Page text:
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State v. Crider

Court of Appeals of Missouri, Western District, First Division

May 22, 2018

STATE OF MISSOURI, Respondent,
v.
ERIC RYAN CRIDER, Appellant.

          APPEAL FROM THE CIRCUIT COURT OF CALLAWAY COUNTY The Ho norable Robert J. Harris, Judge

          Before Lisa White Hardwick, Presiding Judge, Thomas H. Newton and Anthony Rex Gabbert, Judges

          LISA WHITE HARDWICK, JUDGE

         Eric Crider appeals from his convictions for first degree child molestation. He contends there was insufficient evidence of the victim's age to support his convictions. For reasons explained herein, we affirm.

         FACTUAL AND PROCEDURAL HISTORY

         On December 13, 2014, Crider committed acts of sexual abuse against 13-year old J.T. The State charged Crider with three counts of first degree child molestation. Following a bench trial, the circuit court found Crider guilty of all charges and sentenced him to consecutive 30-year prison terms on each count. Crider appeals.

         STANDARD OF REVIEW

         Our review of a sufficiency-of-the-evidence challenge in a bench trial of a criminal case is the same as our review of such a challenge in a jury-tried case. State v. Banks, 511 S.W.3d 463, 465 (Mo. App. 2017). We determine "whether the State presented sufficient evidence from which a trier of fact could have reasonably found the defendant guilty; and in doing so, we examine the evidence and inferences in the light most favorable to the verdict, ignoring all contrary evidence and inferences." Id. (citation omitted).

         ANALYSIS

         In his sole point on appeal, Crider contends the evidence was insufficient to support his convictions for first degree child molestation because the State failed to prove that the victim was less than 14 years old at the time the crimes occurred.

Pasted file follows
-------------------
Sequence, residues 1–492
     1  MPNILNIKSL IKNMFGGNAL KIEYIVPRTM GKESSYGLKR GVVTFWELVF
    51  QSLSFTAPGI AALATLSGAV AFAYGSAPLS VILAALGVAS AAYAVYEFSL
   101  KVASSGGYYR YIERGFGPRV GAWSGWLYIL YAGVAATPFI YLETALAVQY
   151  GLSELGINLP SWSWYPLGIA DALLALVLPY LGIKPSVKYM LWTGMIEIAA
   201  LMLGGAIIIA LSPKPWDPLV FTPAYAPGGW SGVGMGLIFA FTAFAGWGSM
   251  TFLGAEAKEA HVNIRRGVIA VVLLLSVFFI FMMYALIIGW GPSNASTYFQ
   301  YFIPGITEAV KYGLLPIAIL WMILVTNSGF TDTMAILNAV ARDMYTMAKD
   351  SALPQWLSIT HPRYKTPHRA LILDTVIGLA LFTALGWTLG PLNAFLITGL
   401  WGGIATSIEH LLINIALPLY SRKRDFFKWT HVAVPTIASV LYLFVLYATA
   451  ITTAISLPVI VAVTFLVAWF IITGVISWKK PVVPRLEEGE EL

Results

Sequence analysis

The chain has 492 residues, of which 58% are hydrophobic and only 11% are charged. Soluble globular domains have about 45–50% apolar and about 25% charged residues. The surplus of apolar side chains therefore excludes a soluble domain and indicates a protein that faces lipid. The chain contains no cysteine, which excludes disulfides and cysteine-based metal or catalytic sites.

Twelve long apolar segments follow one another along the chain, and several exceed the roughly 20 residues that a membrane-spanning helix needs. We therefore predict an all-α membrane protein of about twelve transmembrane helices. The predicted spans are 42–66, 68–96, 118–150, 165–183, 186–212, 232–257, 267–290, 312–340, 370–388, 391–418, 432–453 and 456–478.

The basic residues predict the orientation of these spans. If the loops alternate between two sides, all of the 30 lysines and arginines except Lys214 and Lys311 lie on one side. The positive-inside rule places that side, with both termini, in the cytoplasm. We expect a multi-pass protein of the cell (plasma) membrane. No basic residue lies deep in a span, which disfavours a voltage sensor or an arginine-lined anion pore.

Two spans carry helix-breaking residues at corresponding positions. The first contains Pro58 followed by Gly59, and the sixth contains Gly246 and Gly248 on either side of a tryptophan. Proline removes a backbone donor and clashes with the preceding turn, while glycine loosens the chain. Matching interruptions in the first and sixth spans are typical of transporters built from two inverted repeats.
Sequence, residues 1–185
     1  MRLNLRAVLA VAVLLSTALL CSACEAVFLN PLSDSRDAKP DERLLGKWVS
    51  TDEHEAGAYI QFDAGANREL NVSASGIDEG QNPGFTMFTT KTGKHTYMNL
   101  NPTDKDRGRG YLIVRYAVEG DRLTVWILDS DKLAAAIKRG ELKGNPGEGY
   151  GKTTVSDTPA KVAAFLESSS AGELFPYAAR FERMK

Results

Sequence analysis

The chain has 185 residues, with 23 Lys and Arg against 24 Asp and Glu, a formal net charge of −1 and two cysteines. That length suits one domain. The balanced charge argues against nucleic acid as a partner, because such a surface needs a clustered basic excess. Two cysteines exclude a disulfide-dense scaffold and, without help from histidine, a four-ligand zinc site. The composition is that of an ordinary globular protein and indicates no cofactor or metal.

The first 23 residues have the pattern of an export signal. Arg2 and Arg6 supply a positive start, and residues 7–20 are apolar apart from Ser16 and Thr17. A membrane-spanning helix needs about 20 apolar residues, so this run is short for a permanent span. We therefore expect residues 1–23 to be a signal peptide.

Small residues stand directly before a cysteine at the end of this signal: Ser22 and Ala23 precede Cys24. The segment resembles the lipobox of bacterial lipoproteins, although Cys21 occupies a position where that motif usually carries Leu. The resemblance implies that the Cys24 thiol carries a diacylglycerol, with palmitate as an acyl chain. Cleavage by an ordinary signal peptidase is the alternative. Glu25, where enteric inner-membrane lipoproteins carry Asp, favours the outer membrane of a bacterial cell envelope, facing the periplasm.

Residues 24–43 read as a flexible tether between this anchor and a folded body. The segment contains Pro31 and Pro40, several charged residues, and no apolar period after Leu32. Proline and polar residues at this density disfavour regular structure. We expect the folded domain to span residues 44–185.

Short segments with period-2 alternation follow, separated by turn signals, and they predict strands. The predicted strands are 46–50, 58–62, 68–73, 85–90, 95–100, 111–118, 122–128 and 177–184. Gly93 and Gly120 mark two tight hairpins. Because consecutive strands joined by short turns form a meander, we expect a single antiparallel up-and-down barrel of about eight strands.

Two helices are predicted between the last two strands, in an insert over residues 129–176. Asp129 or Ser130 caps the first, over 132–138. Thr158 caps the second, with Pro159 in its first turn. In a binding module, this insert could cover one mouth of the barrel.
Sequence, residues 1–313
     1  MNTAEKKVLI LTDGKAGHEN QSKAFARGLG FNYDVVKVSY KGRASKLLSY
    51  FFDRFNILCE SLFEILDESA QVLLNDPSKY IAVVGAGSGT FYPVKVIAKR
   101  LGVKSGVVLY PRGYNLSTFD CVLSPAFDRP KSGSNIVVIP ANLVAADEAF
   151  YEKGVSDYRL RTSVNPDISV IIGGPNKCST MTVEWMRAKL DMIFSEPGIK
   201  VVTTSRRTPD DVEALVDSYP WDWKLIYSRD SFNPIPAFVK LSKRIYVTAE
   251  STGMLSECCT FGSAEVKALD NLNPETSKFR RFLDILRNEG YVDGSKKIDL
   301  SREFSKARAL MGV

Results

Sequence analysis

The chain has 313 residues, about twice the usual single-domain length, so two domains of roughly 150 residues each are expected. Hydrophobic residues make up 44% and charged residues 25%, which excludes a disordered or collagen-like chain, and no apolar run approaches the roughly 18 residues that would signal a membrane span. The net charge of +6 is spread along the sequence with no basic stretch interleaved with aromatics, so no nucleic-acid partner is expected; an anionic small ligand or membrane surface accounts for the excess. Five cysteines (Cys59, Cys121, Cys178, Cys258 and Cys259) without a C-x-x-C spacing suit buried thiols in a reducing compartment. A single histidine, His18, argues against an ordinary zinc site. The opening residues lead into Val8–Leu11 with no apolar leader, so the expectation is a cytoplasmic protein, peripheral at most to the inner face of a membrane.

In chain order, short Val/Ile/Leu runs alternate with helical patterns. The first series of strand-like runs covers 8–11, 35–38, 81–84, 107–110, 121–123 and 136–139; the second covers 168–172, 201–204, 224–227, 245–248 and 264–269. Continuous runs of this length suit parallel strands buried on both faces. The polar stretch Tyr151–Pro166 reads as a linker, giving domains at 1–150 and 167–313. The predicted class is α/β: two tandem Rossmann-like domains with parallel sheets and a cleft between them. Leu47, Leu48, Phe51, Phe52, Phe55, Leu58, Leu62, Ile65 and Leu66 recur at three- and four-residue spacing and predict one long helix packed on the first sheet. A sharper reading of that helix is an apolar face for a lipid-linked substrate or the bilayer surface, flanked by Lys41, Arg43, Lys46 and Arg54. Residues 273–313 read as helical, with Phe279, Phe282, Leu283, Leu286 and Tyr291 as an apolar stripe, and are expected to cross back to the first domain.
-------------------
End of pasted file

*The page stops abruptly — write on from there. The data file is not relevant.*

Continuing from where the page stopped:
To establish that Crider committed the offense of child molestation in the first degree, the State is required to prove that he subjected a person "who is less than fourteen years of age to sexual contact and the offense is an aggravated sexual offense." Section 566.067.1.[1] In this case, the State introduced evidence at trial that the victim, J.T., was less than 14 years of age when Crider molested her on December 13, 2014. Both J.T. and her grandmother R.W. testified that J.T. was born on January 27, 2001. Accordingly, J.T. was 13 years old when the acts of molestation occurred.

         Crider concedes on appeal that if J.T.'s age is determined by her date of birth, the State presented sufficient evidence to support his convictions for first degree child molestation. However, Crider argues that J.T.'s age should be calculated from the date of her conception, not her date of birth. Crider cites to section 1.205.1(1) in support of his argument, which provides that "[t]he life of each human being begins at conception[.]" Crider contends that section 1.205.1(1) requires the court to calculate J.T.'s age from the date of her conception and that under this theory, the State did not prove J.T. was less than 14 years of age when Crider molested her.

         Stiles v. Blunt, 912 F.2d 260 (8th Cir. 1990) is instructive on this point. In Blunt, state officials refused to certify a prospective candidate for the Missouri House of Representatives because he did not meet the minimum age requirement to run for State Representative as set forth in the Missouri Constitution. Id. at 261. In challenging this decision on appeal, the candidate argued that his age should be calculated from the date of his conception under section 1.205. Id. The court rejected this argument, finding:

Appellant has presented no evidence that the state legislature intended to change the sensible and time-honored method of calculating age when it enacted section 1.205. Age has always been calculated from the date of birth, which, unlike the ...

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